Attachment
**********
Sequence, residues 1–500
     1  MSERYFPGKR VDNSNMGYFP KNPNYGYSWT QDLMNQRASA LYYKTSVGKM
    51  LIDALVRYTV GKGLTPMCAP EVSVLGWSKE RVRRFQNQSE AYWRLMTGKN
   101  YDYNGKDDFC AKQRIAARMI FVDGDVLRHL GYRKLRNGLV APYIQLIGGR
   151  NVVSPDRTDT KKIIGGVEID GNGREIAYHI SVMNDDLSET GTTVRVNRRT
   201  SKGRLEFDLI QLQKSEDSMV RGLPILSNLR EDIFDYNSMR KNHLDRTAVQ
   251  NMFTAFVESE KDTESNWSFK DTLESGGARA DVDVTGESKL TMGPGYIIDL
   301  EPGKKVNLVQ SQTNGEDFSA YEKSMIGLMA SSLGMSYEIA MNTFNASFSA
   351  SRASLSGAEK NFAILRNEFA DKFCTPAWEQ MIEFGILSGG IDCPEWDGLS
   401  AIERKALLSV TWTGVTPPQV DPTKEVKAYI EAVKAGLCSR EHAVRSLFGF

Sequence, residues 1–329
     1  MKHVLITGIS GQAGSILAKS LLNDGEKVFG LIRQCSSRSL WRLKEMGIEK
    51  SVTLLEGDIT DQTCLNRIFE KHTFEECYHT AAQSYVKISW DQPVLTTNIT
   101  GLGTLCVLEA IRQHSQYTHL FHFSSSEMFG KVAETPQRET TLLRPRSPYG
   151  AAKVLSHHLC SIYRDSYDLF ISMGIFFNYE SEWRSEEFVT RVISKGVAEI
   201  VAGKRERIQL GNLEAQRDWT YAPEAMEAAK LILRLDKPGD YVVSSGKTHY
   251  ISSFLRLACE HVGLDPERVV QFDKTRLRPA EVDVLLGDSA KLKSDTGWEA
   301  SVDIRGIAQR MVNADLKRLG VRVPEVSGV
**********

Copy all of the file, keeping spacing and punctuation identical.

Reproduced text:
Sequence, residues 1–500
     1  MSERYFPGKR VDNSNMGYFP KNPNYGYSWT QDLMNQRASA LYYKTSVGKM
    51  LIDALVRYTV GKGLTPMCAP EVSVLGWSKE RVRRFQNQSE AYWRLMTGKN
   101  YDYNGKDDFC AKQRIAARMI FVDGDVLRHL GYRKLRNGLV APYIQLIGGR
   151  NVVSPDRTDT KKIIGGVEID GNGREIAYHI SVMNDDLSET GTTVRVNRRT
   201  SKGRLEFDLI QLQKSEDSMV RGLPILSNLR EDIFDYNSMR KNHLDRTAVQ
   251  NMFTAFVESE KDTESNWSFK DTLESGGARA DVDVTGESKL TMGPGYIIDL
   301  EPGKKVNLVQ SQTNGEDFSA YEKSMIGLMA SSLGMSYEIA MNTFNASFSA
   351  SRASLSGAEK NFAILRNEFA DKFCTPAWEQ MIEFGILSGG IDCPEWDGLS
   401  AIERKALLSV TWTGVTPPQV DPTKEVKAYI EAVKAGLCSR EHAVRSLFGF

Sequence, residues 1–329
     1  MKHVLITGIS GQAGSILAKS LLNDGEKVFG LIRQCSSRSL WRLKEMGIEK
    51  SVTLLEGDIT DQTCLNRIFE KHTFEECYHT AAQSYVKISW DQPVLTTNIT
   101  GLGTLCVLEA IRQHSQYTHL FHFSSSEMFG KVAETPQRET TLLRPRSPYG
   151  AAKVLSHHLC SIYRDSYDLF ISMGIFFNYE SEWRSEEFVT RVISKGVAEI
   201  VAGKRERIQL GNLEAQRDWT YAPEAMEAAK LILRLDKPGD YVVSSGKTHY
   251  ISSFLRLACE HVGLDPERVV QFDKTRLRPA EVDVLLGDSA KLKSDTGWEA
   301  SVDIRGIAQR MVNADLKRLG VRVPEVSGV